"Good Hair" is a funny and breezy movie with a deep undertow.
Host Chris Rock examines black women's obsession with hair, which has become a multi-billion-dollar industry. He interviews a lot of famous African-American actresses who admit they use expensive weaves, and even follows this river of hair back to its wellspring in India.
The surface of the documentary, directed by Jeff Stilson and co-written by him, Rock and a few others, is all fun 'n' games. Rock interviews famous people about their hair, from actress Nia Long to the Rev. Al Sharpton, but he also goes into numerous salons in black neighborhoods to talk to everyday women who are putting painful, dangerous chemicals into their hair to straighten it, or shelling out $1,000 (and up) for weaves of other people's hair.
Things really get rolling when Rock then goes into some barbershops to talk to black men about the love triangle between them, their romantic partners and their ladies' hair.
The mens' sheepish, embarrassed looks soon give way to same really hilarious commentary, which basically boils down to "keep your hands off the hair."
But as fun as these scenes are, Rock deftly probes into the underbelly of an industry that's siphoning off a king's ransom from black communities, and putting it mostly into the hands of corporations controlled by whites and Asians.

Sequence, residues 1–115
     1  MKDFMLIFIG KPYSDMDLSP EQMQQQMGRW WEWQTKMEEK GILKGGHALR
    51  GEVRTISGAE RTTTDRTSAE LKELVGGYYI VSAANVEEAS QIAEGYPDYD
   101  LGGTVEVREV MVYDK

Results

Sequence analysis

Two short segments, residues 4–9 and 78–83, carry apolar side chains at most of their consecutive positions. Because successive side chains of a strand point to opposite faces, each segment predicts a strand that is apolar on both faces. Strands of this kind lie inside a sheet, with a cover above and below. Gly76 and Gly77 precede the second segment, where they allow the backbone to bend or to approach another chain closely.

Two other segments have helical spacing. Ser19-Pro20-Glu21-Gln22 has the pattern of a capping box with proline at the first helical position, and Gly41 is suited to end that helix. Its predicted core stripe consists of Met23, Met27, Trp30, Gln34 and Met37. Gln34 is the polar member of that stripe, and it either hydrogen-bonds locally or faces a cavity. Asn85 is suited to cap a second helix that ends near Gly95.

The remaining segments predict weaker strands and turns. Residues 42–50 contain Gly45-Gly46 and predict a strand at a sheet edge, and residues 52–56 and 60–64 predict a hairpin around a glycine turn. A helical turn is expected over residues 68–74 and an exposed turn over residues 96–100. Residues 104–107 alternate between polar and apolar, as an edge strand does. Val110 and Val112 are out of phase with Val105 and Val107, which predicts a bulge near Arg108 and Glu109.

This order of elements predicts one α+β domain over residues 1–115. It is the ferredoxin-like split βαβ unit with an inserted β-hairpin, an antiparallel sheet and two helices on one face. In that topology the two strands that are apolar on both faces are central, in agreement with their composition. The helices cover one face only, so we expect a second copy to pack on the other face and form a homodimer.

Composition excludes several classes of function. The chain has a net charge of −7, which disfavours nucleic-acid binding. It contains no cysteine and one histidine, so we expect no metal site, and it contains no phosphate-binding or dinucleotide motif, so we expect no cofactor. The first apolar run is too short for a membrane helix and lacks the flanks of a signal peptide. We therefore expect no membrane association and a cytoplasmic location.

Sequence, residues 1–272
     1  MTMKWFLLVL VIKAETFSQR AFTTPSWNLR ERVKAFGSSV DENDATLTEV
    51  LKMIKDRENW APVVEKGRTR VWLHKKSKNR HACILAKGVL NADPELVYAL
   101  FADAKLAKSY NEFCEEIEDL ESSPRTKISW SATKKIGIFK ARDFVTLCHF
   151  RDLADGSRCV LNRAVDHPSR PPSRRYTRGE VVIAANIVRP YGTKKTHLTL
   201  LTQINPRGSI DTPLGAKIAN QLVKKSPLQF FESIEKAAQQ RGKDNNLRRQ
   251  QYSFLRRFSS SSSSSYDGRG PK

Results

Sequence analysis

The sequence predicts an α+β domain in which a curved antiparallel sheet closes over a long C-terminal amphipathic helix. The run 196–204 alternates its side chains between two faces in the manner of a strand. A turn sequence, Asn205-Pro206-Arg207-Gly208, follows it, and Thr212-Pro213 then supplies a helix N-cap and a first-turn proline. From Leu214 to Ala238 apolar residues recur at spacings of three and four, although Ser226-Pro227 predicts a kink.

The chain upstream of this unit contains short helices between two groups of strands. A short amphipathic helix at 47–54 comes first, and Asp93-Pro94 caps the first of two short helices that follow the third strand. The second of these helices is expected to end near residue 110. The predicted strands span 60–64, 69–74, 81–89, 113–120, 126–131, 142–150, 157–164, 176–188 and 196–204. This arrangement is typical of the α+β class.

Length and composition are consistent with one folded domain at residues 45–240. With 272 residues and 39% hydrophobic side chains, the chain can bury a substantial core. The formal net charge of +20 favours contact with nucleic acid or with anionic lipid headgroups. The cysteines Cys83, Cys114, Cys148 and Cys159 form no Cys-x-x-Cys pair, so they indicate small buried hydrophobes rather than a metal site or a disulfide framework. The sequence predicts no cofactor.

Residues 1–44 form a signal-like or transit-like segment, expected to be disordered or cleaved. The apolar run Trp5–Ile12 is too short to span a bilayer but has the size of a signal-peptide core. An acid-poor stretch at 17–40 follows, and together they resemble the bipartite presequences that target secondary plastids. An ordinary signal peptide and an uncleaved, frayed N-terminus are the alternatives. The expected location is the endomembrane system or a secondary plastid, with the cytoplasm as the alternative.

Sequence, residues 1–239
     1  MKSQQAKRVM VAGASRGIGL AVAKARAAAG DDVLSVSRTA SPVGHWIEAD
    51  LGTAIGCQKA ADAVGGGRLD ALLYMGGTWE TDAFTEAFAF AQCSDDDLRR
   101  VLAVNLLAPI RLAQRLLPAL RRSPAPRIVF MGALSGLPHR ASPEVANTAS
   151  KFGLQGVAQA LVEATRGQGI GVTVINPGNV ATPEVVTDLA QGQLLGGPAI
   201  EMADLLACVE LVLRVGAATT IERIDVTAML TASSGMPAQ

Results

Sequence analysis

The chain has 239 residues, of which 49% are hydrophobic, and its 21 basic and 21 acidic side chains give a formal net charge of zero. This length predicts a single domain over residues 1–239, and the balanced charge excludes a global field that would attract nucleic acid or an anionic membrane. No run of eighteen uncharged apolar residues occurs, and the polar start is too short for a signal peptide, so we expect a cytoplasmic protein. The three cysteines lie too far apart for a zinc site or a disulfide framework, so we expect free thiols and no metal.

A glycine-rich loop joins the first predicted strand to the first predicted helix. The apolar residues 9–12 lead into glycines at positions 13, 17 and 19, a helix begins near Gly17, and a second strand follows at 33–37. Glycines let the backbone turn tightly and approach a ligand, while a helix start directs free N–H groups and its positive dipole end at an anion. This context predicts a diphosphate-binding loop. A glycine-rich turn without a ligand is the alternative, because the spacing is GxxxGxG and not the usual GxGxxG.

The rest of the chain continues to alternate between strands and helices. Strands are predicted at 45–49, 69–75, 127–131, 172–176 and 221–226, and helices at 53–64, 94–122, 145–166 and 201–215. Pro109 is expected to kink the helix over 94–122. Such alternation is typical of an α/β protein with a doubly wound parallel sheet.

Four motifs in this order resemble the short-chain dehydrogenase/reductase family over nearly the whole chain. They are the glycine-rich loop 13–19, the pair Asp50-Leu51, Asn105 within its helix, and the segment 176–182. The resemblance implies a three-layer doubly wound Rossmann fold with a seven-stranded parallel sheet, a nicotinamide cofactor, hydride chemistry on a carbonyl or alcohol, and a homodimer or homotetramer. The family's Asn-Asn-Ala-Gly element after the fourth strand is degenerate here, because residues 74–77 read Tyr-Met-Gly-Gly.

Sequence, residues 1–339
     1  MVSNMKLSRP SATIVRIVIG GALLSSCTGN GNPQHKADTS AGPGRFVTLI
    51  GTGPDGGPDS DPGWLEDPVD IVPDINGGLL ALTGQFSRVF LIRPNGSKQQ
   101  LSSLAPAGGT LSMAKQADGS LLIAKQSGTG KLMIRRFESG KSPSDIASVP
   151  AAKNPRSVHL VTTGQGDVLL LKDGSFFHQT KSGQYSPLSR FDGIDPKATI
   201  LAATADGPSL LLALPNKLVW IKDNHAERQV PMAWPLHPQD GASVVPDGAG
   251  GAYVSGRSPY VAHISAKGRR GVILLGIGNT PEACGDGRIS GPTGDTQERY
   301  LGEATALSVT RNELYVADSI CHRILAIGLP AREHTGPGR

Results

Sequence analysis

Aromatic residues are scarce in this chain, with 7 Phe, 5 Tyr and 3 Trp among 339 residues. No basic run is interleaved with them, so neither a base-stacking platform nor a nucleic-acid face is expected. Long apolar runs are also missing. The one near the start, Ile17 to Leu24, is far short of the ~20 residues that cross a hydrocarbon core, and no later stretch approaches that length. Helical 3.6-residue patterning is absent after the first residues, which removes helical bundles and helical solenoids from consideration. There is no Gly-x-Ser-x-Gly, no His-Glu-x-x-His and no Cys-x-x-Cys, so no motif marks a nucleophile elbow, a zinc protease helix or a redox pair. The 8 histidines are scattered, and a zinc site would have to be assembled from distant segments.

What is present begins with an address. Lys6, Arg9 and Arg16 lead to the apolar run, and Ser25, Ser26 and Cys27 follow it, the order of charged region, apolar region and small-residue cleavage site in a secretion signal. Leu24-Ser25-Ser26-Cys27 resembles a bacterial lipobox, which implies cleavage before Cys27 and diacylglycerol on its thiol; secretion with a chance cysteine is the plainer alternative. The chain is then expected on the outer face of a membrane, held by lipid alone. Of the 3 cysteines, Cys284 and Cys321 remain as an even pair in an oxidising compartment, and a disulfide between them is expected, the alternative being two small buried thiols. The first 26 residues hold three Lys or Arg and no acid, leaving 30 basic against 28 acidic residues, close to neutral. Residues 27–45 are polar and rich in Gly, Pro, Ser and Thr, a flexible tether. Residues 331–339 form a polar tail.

For a brief time in the 1970s, natural kinky black hair was worn with pride. But African-American women (some men, too) were sold an image that straight, flowing hair -- basically, white hair -- was what they needed to look good, and to get ahead in society.
"The lighter, the brighter, the better," Long says.
One of the most heart-breaking scenes in the movie comes when Rock is interviewing a group of girls about to graduate from high school. They're young, gifted and black, and the potential practically glows off them. Then the girls with straightened hair one by one tell their Afroed friend that if they were interviewing her for a job, they wouldn't hire her because of her nappy head.
Weaves are the newest thing to push the limits, both stylistically and financially. Long cascades of real human hair are braided into a woman's existing hair -- sometimes even glued in. The effect is pretty convincing, but as TV actress Raven-Symoné demonstrates when she pulls on either end of her flowing locks, not quite foolproof.
The film goes into investigative mode when Rock travels to India to find out where all this hair is coming from. It turns out that much of it comes from a religious ceremony called tonsure, in which most Indian women have their heads shaved at least a couple of times during their lives.
We get see the dingy shops where the hair is cleaned, processed and delivered to upscale Beverly Hills boutiques, where it's woven onto the heads of the rich and famous.
Rock got the idea for the movie when one of his two little girls came up to him and asked, "Daddy, why don't I have good hair?"
That's the sort of question that could provoke a loving father to travel the globe in search of a sufficient answer. Lucky for us Chris Rock did, and why "Good Hair" is so good, and shows us how meaningful something as seemingly trivial as hair can be.